Mathieson played with fellow British Columbia natives Adam Loewen and Jeff Francis on Canadian national teams, and he went 16 rounds after them in the 2002 draft. His grandfather Doug tried out for the Athletics during the Connie Mack era and played first base for the Air Force at Pearl Harbor. After going 2-9, 5.09 in his first two seasons, Mathieson made considerable progress in 2004. Mathieson threw 84 mph as a high school senior, but the Phillies gambled on his projectability because he had a lanky frame, loose arm and smooth mechanics. It's paying off as he hit 96 mph last season while consistently pitching in the low 90s with average life. His changeup has improved to an average pitch. Mathieson is finally done growing into his body, so now is the time for him to fine-tune his command across the board. His curveball breaks straight down but not consistently enough. It's still a below-average pitch. If Mathieson masters his curve, he could emerge as a No. 2 or 3 starter. Otherwise, he shows the makings of a power reliever. He's ready for high Class A Clearwater.
Blalock played with Cole Hamels at San Diego's Rancho Bernardo High. He's more associated with his all-star brother Hank, but Jake couldn't be more different as he possesses more raw power but not the same ability to hit for average. A high school shortstop, Blalock moved to third base and then the outfield as a pro. Blalock worked hard on his defense, playing an average left field and showing solid arm strength in 2004. Relaxing on defense helped him do the same at the plate, where he boosted his average by making more contact. He also learned to keep his front side closed longer against breaking balls, allowing him to show plus power to the opposite field. He led the South Atlantic League in doubles. Blalock is still a streaky hitter. He didn't homer until May and ran hot and cold all season long. Though he cut down on his strikeouts, he still whiffed 126 times and may be exploited by more advanced pitchers. The Phillies will continue to show patience with Blalock. He'll go to Clearwater, where the spacious Florida State League parks should test his power output and hitting skill.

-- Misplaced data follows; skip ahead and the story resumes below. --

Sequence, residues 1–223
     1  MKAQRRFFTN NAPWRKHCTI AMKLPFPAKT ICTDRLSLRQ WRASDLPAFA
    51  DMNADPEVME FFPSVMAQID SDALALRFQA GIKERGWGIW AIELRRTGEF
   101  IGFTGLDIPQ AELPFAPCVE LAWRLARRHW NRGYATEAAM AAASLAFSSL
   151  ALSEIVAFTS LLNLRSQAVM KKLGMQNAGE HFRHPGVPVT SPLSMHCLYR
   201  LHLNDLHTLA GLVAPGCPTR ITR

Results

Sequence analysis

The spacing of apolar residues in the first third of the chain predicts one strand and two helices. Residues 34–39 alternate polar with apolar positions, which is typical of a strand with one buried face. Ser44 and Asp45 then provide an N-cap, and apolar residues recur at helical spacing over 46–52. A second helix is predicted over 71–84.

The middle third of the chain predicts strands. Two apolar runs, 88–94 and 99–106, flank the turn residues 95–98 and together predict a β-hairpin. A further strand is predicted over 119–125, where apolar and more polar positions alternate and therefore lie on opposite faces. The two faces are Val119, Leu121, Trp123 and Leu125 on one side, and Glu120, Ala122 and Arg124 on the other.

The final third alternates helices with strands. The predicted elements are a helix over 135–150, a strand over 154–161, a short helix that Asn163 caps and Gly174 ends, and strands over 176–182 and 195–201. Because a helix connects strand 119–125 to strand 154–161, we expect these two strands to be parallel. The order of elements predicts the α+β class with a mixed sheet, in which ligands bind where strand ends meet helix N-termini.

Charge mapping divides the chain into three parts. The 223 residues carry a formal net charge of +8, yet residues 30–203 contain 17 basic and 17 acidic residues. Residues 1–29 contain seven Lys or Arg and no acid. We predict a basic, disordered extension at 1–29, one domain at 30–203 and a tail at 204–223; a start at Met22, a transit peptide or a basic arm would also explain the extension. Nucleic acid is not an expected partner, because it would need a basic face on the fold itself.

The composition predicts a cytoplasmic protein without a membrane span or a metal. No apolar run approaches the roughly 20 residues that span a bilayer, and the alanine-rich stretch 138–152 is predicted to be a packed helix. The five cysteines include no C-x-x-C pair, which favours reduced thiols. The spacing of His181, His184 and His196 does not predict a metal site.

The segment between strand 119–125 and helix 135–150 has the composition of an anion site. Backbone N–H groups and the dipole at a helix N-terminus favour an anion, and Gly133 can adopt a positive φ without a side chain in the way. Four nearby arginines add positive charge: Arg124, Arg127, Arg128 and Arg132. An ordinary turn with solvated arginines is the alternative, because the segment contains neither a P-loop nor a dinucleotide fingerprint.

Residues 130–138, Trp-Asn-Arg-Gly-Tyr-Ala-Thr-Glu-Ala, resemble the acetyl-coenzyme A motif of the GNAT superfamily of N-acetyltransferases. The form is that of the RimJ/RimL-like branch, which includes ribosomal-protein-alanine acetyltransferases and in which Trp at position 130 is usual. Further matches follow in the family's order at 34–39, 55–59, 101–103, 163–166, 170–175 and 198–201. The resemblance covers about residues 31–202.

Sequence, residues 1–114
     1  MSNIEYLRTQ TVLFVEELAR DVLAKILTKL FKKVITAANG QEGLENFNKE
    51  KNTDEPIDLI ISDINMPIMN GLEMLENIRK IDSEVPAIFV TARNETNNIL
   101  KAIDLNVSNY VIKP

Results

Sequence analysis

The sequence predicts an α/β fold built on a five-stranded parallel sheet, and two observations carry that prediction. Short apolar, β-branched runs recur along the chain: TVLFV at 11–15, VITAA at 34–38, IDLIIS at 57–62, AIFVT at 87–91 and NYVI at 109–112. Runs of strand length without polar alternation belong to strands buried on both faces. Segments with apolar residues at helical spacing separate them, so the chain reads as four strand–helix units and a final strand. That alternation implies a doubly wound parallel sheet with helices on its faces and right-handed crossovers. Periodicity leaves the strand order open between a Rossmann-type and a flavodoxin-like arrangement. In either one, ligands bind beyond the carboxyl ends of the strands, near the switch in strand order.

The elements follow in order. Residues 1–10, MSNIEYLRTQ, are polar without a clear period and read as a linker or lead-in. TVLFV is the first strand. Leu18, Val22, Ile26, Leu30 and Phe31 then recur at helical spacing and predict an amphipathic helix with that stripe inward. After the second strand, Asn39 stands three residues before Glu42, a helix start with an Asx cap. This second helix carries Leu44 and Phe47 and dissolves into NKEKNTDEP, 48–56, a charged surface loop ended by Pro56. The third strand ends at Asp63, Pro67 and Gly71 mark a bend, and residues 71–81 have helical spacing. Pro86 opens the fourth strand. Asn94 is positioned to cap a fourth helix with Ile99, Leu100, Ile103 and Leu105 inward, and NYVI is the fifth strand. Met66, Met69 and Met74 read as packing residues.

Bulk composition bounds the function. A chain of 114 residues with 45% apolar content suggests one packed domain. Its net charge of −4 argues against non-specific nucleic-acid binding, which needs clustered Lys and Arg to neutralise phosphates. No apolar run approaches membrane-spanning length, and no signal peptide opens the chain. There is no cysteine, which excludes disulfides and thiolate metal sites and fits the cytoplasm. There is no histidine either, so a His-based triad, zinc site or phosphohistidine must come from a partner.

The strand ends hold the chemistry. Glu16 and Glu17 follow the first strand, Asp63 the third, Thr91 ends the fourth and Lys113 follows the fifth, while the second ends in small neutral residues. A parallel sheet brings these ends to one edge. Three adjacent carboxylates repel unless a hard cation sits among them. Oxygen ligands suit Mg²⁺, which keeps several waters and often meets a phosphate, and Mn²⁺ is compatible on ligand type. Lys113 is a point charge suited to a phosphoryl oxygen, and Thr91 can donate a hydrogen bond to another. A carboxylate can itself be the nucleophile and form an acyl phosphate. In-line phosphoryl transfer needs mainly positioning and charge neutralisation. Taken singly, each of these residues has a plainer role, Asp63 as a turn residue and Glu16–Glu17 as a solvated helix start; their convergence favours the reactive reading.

Carrasco signed for $300,000 out of a Venezuelan tryout camp and did nothing but improve during his first year with the organization. He added 20 pounds and really turned a corner from extended spring training through instructional league. Carrasco works at 92-93 mph now and should add velocity over the next few years. He throws his fastball on a downhill plane with average life. He showed consistent improvement with his curveball, which should develop into a plus power pitch. His smooth delivery and good changeup are reminiscent of a much older pitcher. He's an excellent athlete, which enables him to repeat his delivery. Carrasco needs to relax on the mound. Early in the season when things didn't go well, he tended to get amped up rather than thinking about what adjustments he needed to make to throw quality strikes. His breaking ball needs more consistency and depth. Carrasco should be ready for a full-season league, but an organizational logjam of starting pitchers probably will keep him at short-season Batavia. Considering his age, there's no rush.